Fr.: conservation, préservation
The act or an instance of conserving.
Verbal noun of → conserve.
qânun-e pâyeš, ~ pâyandegi
Fr.: loi de conservation
A general statement that a physical quantity, such as energy, momentum, mass, or charge is unchanged in an interaction occurring within a → closed system. See also → conservation of charge, → conservation of energy, → conservation of mass, → conservation of mass and energy, → conservation of matter, → conservation of momentum, → conservation of probability, → parity conservation, → conservative field.
conservation of charge
Fr.: conservation de charge
conservation of energy
Fr.: conservation d'énergie
conservation of mass
Fr.: conservation de masse
A → principle of → classical physics whereby → matter can be neither created nor destroyed. Matter can, however, be → converted into → energy, as predicated by the theory of → special relativity. Also called → conservation of matter.
conservation of mass and energy
pâyeš-e jerm o kâruž
Fr.: conservation de masse et d'énergie
conservation of matter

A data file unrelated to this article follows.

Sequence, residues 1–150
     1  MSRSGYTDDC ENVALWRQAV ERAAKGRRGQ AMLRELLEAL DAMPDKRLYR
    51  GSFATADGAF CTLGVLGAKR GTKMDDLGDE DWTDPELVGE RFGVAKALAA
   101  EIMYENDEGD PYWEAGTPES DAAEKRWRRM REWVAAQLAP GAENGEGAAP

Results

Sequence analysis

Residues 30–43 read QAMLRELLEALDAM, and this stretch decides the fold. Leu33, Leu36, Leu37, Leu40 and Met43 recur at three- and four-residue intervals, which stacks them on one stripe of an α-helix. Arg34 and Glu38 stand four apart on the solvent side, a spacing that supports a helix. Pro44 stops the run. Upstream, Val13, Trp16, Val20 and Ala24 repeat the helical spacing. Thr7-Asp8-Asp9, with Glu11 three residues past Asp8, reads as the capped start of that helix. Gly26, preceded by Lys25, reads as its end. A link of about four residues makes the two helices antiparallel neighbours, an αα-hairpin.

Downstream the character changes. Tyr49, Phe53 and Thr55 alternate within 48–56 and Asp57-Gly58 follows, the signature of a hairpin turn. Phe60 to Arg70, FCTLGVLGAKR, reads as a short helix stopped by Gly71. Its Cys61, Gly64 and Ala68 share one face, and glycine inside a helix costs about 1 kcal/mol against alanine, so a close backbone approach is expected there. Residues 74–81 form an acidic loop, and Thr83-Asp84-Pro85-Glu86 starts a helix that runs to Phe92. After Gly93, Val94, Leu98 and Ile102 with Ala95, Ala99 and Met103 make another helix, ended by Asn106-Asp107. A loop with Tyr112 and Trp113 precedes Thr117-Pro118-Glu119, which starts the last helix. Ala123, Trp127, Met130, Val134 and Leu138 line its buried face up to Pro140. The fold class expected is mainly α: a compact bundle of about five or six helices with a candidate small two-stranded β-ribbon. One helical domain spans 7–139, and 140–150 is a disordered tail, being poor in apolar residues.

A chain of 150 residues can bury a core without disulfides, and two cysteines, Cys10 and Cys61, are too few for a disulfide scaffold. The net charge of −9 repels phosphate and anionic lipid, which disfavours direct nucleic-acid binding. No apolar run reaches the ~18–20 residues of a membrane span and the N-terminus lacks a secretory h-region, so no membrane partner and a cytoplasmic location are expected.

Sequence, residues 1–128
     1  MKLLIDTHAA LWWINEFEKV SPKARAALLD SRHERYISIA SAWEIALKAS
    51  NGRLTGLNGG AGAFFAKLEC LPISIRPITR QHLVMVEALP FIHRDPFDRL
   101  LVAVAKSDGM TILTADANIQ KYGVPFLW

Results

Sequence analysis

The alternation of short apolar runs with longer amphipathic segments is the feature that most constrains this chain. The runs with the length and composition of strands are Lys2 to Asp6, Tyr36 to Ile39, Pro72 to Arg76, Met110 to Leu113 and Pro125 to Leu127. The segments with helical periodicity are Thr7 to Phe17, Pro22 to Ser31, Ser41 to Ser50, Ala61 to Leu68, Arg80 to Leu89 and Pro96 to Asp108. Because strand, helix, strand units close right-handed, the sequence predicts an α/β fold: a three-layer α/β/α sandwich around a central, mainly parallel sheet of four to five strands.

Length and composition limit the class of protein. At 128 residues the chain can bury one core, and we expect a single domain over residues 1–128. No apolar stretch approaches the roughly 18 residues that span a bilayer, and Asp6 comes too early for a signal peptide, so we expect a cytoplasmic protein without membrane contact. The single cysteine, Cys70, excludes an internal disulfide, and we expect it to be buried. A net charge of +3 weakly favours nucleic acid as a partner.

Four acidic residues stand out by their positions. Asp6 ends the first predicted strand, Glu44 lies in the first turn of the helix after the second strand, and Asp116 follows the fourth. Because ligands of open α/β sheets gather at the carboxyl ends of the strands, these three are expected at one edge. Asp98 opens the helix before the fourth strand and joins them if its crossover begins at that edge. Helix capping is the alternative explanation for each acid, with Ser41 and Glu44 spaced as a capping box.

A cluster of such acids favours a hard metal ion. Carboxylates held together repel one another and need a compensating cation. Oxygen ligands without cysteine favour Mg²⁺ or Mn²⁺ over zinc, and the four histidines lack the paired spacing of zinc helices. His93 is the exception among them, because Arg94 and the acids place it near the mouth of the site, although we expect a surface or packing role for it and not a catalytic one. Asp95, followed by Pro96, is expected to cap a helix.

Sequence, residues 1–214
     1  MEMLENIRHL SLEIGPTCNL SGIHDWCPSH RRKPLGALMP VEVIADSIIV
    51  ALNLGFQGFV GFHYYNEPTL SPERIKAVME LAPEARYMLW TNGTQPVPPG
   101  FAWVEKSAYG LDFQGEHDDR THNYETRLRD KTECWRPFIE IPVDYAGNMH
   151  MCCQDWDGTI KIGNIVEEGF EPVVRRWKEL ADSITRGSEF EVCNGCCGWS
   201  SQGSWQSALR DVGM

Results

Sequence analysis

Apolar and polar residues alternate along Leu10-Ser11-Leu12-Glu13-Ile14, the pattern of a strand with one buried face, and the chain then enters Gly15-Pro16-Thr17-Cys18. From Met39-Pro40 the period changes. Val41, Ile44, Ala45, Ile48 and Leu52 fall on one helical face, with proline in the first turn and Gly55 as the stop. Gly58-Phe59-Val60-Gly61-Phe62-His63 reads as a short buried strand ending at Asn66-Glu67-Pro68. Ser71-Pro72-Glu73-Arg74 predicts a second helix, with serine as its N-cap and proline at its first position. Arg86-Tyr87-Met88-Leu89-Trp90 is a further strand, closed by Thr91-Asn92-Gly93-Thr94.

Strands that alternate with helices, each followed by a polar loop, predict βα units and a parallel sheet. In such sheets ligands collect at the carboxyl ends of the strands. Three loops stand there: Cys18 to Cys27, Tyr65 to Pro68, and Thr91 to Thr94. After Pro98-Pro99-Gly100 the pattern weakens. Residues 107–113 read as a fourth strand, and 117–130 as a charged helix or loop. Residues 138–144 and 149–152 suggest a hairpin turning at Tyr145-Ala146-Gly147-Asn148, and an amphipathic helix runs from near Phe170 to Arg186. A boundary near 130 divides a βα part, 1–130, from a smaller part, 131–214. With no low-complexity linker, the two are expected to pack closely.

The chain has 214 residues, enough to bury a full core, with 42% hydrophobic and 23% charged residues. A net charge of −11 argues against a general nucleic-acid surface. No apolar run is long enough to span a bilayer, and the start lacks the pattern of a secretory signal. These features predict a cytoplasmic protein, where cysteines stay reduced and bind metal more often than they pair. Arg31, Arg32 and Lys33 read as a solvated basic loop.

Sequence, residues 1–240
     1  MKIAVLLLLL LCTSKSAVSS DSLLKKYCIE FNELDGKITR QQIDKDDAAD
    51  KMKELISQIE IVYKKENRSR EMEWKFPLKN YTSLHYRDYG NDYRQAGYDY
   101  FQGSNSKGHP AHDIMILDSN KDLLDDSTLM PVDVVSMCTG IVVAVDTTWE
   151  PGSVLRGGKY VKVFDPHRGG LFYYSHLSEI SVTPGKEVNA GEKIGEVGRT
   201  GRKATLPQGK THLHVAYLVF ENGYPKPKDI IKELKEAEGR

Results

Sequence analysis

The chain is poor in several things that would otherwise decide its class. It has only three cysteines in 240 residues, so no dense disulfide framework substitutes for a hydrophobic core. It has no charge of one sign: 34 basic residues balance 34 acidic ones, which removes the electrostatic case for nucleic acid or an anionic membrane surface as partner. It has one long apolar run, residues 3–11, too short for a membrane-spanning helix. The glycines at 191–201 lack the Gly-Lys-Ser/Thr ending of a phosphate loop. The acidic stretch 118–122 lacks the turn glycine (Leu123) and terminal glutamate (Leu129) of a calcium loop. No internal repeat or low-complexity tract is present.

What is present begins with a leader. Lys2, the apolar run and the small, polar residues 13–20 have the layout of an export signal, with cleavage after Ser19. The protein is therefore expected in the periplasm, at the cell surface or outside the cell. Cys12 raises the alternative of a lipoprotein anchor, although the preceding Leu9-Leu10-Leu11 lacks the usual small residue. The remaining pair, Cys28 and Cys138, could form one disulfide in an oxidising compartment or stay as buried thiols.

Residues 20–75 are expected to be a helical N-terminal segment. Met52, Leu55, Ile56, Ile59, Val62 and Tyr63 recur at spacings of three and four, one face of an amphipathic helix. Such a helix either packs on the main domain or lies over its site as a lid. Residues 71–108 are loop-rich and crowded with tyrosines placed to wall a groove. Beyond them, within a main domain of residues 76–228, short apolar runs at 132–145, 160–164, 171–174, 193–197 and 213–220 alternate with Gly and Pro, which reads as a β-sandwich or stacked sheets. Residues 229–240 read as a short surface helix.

Fr.: conservation de matière
Same as → conservation of mass.
conservation of momentum
Fr.: conservation de quantité de mouvement
A fundamental law of physics which states that the momentum of a → physical system does not change in the course of time if there are no external forces acting on the system. It is embodied in → Newton's first law. This principle shows that the interaction of bodies composing a → closed system leads only to an exchange in momentum between the bodies but does not affect the motion of the system as a whole. More specifically, interactions between the composing bodies do not change the velocity of the system's → center of mass.
conservation of probability
pâyeš-e šavânâyi, pâyandegi-ye ~
Fr.: conservation de probabilité
A principle according to which the sum of probabilities of all possible states that might come out of an initial state equals the probability of the initial state.
pâyeš-e hamâli, pâyandegi-ye ~
Fr.: conservation de parité
In quantum mechanics, the condition of parity in strong and electrodynamic interactions, where it remains constant and does not change with time. In other words, parity conservation implies that Nature is symmetrical and makes no distinction between right- and left-handed rotations or between opposite sides of a subatomic particle. Thus, for example, two similar radioactive particles spinning in opposite directions about a vertical axis should emit their decay products with the same intensity upward and downward. Same as → parity symmetry.